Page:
CFU and similar programs across the country are different. They grew out of the upheaval of the 1960s and many remain today as both resources for and reflections of the communities they serve. CFU has grown a lot since then and become somewhat more corporate, but they still offer an astonishingly wide variety of classes open to anybody who wants to sign up. That’s what the “free” is all about. The cost of taking a class is definitely NOT free.
A recent Facebook post from CFU read, “Lots of classes in our building tonight. I love walking by and seeing the lively interaction and hearing the learning going on! Here are a few:
Carol Core explains a thrifty way to finance building your own custom home.
Lee Claymore talks about preparing for Medicare.
Lisa Sveland shows folks how to be Money Smart.
Caitlin Berve leads students in Origami.
What wonderful variety!”

In my “road not taken” moments, I sometimes wonder how my life would have been different it I had said yes to that job. It must be wonderful to be surrounded by people learning things they really want to learn. I like the idea so much that I set the cozy mystery I may or may not be writing at an adult education arts colony in the Colorado mountains. I’m learning that one of the reasons to write fiction is to create a world you’d like to spend time in. I can only live one life at a time, but I can imagine so many alternate universes. I may end up writing this book after all.

Losing. It’s a Good Thing.

In Colorado, Learning, Learning Tools on January 16, 2018 at 9:11 am

Someone once said that a world without men would be full of fat, happy women, implying that the only reason for us to get or stay thin is to attract men. Maybe. I started to gain weight when I was about 40, which is typically when our metabolism starts to slow, but in my case also accompanied a bitter breakup. On some level, I think I didn’t do anything about it then because I wanted to keep men away, at least in a romantic sense. I’ve always had great male friends.

Anyway, I joined WeightWatchers. Reading about the different habits of thin people informs me that thin people eat when they’re hungry. Fat people eat when it’s time. Being diabetic exacerbates this because we have to eat regularly, no skipping meals.

Thin people don’t sit still. They stand and move around and fidget.

Thin people weigh themselves. Oh, boy. If there’s anything I hate more than exercise, it’s weighing myself. These are habits I need to develop, though, and I can do that.

Apparently, Colorado has the highest percentage of people with a normal weight, neither overweight nor obese, in the nation. I guess I’m what you call an outlier.

The state has the country’s largest system of city parks, more than 3 million acres of national parks and forests, 10 major ski resorts, and 400 mountain-biking trails. In addition, 20 percent of Coloradans belong to health clubs―the second-highest percentage in the United States. (Delaware has the highest.) Colorado’s weather also helps with 300-plus days each year when it’s nice to be outside. Staying indoors is something else I need to change.

My reasons for losing weight are many:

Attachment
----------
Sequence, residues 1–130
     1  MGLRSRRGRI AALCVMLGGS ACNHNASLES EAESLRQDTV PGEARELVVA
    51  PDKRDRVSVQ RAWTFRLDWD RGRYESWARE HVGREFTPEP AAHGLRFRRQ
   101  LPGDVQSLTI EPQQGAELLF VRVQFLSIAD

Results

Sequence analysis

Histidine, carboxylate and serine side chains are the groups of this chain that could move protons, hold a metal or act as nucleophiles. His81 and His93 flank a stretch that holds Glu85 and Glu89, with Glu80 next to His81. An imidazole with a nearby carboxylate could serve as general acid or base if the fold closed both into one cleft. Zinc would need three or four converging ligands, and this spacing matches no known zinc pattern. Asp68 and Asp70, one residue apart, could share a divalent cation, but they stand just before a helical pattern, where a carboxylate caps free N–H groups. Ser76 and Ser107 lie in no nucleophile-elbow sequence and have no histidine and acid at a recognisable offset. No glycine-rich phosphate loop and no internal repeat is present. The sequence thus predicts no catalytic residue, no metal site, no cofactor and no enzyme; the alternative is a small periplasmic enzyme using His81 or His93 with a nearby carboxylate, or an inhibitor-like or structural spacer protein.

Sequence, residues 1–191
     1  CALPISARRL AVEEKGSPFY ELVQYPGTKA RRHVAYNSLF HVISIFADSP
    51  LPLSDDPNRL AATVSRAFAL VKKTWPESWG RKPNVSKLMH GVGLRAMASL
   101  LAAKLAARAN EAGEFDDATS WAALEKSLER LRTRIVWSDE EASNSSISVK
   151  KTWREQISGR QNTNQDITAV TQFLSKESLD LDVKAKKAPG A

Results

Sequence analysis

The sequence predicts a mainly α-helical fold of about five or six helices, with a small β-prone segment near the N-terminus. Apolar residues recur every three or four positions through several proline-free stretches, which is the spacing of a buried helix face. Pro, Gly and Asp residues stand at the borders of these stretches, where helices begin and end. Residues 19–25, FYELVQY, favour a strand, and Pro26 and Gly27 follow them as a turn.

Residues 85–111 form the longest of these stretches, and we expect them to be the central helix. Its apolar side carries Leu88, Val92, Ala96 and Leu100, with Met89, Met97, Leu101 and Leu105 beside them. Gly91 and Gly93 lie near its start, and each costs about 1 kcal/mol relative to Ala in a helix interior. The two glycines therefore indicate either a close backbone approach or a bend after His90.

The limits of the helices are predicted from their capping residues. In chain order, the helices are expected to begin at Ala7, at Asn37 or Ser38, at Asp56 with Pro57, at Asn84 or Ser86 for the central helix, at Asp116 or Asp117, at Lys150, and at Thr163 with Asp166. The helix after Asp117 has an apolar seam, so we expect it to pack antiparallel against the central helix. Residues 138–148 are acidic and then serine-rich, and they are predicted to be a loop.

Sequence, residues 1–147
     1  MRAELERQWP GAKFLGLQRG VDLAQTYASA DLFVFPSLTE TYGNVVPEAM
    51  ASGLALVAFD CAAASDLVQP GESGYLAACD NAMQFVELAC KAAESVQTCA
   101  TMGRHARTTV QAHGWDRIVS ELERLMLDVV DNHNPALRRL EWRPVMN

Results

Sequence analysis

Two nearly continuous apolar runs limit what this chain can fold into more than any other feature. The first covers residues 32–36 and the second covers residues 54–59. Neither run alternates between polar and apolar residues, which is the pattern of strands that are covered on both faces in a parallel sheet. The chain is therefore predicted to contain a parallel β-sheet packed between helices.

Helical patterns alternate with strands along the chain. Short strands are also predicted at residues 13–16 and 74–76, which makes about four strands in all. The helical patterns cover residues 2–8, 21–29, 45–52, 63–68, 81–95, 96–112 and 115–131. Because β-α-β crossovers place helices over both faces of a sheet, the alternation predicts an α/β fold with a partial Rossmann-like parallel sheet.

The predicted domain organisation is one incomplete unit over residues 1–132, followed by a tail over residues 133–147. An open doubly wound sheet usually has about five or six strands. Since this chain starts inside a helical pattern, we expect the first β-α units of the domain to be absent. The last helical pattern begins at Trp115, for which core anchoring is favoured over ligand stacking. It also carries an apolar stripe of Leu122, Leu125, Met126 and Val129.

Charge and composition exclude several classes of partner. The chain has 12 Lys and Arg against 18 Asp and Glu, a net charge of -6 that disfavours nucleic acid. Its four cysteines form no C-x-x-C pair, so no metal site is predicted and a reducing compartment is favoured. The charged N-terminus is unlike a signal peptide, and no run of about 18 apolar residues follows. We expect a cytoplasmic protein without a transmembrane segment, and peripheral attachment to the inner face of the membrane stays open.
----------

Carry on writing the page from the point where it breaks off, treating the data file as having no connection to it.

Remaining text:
To decrease my diabetes medication.
To relieve the pain in my knees.
To make exercise easier.
To buy new clothes in a size that doesn’t embarrass me.
To move through the world more comfortably.

And no one is more surprised at this than I am, but there’s this man. . .

Friday Favorites

In Books, creativity, Learning, Learning Tools on November 3, 2017 at 9:15 am

I’m trying something new on Fridays. Starting today I will share some of my favorite things during the past week, including books (of course), articles, events, TV shows, movies, and whatever else strikes my fancy. My hope is that some of it will strike yours, too. Enjoy.
I finished the latest Longmire book, A Western Star by Craig Johnson. A glorious read, one of his best, this one moves back and forth between today and the time when Walt had first returned from Vietnam in 1972. He’d been on the job as the deputy sheriff in Absaroka County, Wyoming for only two weeks. He’s on a train full of sheriffs, and the plot pays tribute to Agatha Christie’s grand Murder on the Orient Express. You can read the book, watch the 1974 movie on YouTube or wait for the remake to open November 10. Meanwhile, the final season of the TV series Longmire starts on Netflix on November 17.
While we’re on the subject of Agatha Christie, my other favorite of hers is And Then There Were None, her masterpiece and one of the best selling books (100 million copies!) of all time. Don’t bother with the 1945 movie, also available on YouTube. For some inexplicable reason, they decided to change the ending and add a love story. Ick.
Tonight’s full moon will continue over the weekend. It’s called the Hunter’s moon, Beaver moon or Frost moon. Yesterday it was still a waxing gibbous moon. I’ve been familiar with the terms waxing and waning for many years, although I’m surprised at how many people are not, but I just learned the meaning of gibbous. It refers to the phase of the moon between half full and full and can be either waxing or waning. Monday we’ll see a waning gibbous moon. From the Latin gibbus, meaning “hump.” I love learning new words.